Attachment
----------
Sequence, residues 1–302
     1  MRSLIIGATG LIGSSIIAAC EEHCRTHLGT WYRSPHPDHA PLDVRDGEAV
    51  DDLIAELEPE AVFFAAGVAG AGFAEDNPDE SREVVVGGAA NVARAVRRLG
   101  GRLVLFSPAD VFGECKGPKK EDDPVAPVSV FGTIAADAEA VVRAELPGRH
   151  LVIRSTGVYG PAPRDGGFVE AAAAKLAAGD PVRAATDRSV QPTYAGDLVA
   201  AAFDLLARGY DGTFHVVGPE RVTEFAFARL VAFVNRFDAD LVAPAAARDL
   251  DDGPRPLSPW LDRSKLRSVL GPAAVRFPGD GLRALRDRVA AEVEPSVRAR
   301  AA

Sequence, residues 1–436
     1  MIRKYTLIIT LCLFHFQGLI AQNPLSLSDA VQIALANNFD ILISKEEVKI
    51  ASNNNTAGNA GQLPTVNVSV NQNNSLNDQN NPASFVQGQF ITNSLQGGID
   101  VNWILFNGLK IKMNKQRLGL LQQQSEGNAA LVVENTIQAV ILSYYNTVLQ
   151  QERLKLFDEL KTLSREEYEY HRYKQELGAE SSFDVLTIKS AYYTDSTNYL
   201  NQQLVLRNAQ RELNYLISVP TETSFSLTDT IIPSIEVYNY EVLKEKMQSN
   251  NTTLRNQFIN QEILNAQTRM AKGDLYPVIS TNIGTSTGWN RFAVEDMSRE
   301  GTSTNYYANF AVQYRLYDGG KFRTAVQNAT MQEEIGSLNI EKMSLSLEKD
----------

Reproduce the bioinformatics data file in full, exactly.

Sequence, residues 1–302
     1  MRSLIIGATG LIGSSIIAAC EEHCRTHLGT WYRSPHPDHA PLDVRDGEAV
    51  DDLIAELEPE AVFFAAGVAG AGFAEDNPDE SREVVVGGAA NVARAVRRLG
   101  GRLVLFSPAD VFGECKGPKK EDDPVAPVSV FGTIAADAEA VVRAELPGRH
   151  LVIRSTGVYG PAPRDGGFVE AAAAKLAAGD PVRAATDRSV QPTYAGDLVA
   201  AAFDLLARGY DGTFHVVGPE RVTEFAFARL VAFVNRFDAD LVAPAAARDL
   251  DDGPRPLSPW LDRSKLRSVL GPAAVRFPGD GLRALRDRVA AEVEPSVRAR
   301  AA

Sequence, residues 1–436
     1  MIRKYTLIIT LCLFHFQGLI AQNPLSLSDA VQIALANNFD ILISKEEVKI
    51  ASNNNTAGNA GQLPTVNVSV NQNNSLNDQN NPASFVQGQF ITNSLQGGID
   101  VNWILFNGLK IKMNKQRLGL LQQQSEGNAA LVVENTIQAV ILSYYNTVLQ
   151  QERLKLFDEL KTLSREEYEY HRYKQELGAE SSFDVLTIKS AYYTDSTNYL
   201  NQQLVLRNAQ RELNYLISVP TETSFSLTDT IIPSIEVYNY EVLKEKMQSN
   251  NTTLRNQFIN QEILNAQTRM AKGDLYPVIS TNIGTSTGWN RFAVEDMSRE
   301  GTSTNYYANF AVQYRLYDGG KFRTAVQNAT MQEEIGSLNI EKMSLSLEKD